Fatherland by Robert Harris - review by Dennis Sewell

Dennis Sewell

A Good German Policeman Exposes the Holocaust



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Consider Hugh Trevor-Roper’s description in The Mind of Adolf Hitler of the European cultural order we would have grown up with if the Panzers had prevailed in 1945: ‘The hundred million self-confident German masters were to be brutally installed…and secured in power by a monopoly of technical civilisation and the slave labour of a dwindling native population of neglected, diseased, illiterate cretins, in order that they might have the leisure to buzz along infinite Autobahnen, admire the Strength-Through-Joy Hostel, the Party headquarters, the Military Museum…trot around local picture galleries, and listen over cream buns to endless recordings of The Merry Widow. This was to be the German Millennium, from which even the imagination was to have no means of escape.’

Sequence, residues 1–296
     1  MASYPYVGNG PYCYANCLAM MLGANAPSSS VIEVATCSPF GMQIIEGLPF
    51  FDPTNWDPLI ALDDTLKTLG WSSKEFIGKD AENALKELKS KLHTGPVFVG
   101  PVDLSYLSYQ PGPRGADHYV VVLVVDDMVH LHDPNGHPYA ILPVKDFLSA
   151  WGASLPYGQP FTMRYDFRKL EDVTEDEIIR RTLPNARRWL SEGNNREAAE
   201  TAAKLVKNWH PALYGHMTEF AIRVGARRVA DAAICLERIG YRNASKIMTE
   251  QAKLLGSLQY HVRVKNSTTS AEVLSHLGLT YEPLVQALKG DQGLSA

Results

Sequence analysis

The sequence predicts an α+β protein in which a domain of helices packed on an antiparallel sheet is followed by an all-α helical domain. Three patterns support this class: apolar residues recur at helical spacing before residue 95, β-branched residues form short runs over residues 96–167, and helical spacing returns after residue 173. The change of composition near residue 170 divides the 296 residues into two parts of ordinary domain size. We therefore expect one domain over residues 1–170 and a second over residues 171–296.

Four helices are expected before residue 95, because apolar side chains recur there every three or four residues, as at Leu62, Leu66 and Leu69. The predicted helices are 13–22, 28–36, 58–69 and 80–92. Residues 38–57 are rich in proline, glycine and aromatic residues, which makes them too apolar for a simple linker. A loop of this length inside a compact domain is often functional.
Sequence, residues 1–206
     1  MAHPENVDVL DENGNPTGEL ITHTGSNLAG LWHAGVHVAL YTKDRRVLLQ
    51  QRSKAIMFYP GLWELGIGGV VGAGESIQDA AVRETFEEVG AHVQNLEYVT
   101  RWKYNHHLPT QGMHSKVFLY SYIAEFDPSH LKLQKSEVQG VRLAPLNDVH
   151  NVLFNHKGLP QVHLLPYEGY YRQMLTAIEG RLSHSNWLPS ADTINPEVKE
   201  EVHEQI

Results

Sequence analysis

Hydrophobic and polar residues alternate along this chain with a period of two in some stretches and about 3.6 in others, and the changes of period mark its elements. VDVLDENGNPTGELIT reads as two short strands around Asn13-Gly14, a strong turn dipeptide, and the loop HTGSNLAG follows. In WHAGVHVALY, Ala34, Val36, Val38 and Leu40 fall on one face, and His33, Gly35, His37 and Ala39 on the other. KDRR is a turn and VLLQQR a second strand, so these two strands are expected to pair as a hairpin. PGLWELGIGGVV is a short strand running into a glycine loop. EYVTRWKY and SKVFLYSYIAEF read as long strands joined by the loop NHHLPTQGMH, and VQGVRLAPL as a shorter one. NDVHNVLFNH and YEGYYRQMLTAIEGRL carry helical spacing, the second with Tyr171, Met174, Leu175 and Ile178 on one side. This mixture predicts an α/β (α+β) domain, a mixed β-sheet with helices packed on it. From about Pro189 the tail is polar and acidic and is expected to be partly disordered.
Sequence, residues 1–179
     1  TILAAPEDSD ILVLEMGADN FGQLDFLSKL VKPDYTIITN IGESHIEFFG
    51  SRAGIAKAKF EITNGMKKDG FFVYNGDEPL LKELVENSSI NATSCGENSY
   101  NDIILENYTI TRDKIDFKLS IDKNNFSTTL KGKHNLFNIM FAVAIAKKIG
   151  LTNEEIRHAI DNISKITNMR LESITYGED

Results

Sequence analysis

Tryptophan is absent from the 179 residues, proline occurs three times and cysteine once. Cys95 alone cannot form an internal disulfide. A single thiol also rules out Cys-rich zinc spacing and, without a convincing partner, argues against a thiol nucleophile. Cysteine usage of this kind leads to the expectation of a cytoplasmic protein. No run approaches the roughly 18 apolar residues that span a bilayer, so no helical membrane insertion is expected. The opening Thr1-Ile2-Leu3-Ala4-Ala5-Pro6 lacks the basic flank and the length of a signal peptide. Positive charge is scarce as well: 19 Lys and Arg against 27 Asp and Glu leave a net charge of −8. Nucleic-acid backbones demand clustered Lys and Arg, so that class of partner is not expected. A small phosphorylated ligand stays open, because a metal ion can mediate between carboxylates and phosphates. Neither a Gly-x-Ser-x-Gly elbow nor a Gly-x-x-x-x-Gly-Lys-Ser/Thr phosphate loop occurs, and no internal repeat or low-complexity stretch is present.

Robert Harris quotes these words at the front of his novel where they mark the starting point of his own imaginative recreation of a Nazi dystopia. It is the early Sixties and there are two superpowers, the United States under the Presidency of that old appeaser, Joe Kennedy, and the

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